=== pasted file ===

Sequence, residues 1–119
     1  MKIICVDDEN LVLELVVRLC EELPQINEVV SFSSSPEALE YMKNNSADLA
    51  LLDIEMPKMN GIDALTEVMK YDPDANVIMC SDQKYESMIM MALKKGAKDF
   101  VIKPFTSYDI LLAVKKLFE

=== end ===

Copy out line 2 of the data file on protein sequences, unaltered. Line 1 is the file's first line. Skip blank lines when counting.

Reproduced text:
     1  MKIICVDDEN LVLELVVRLC EELPQINEVV SFSSSPEALE YMKNNSADLA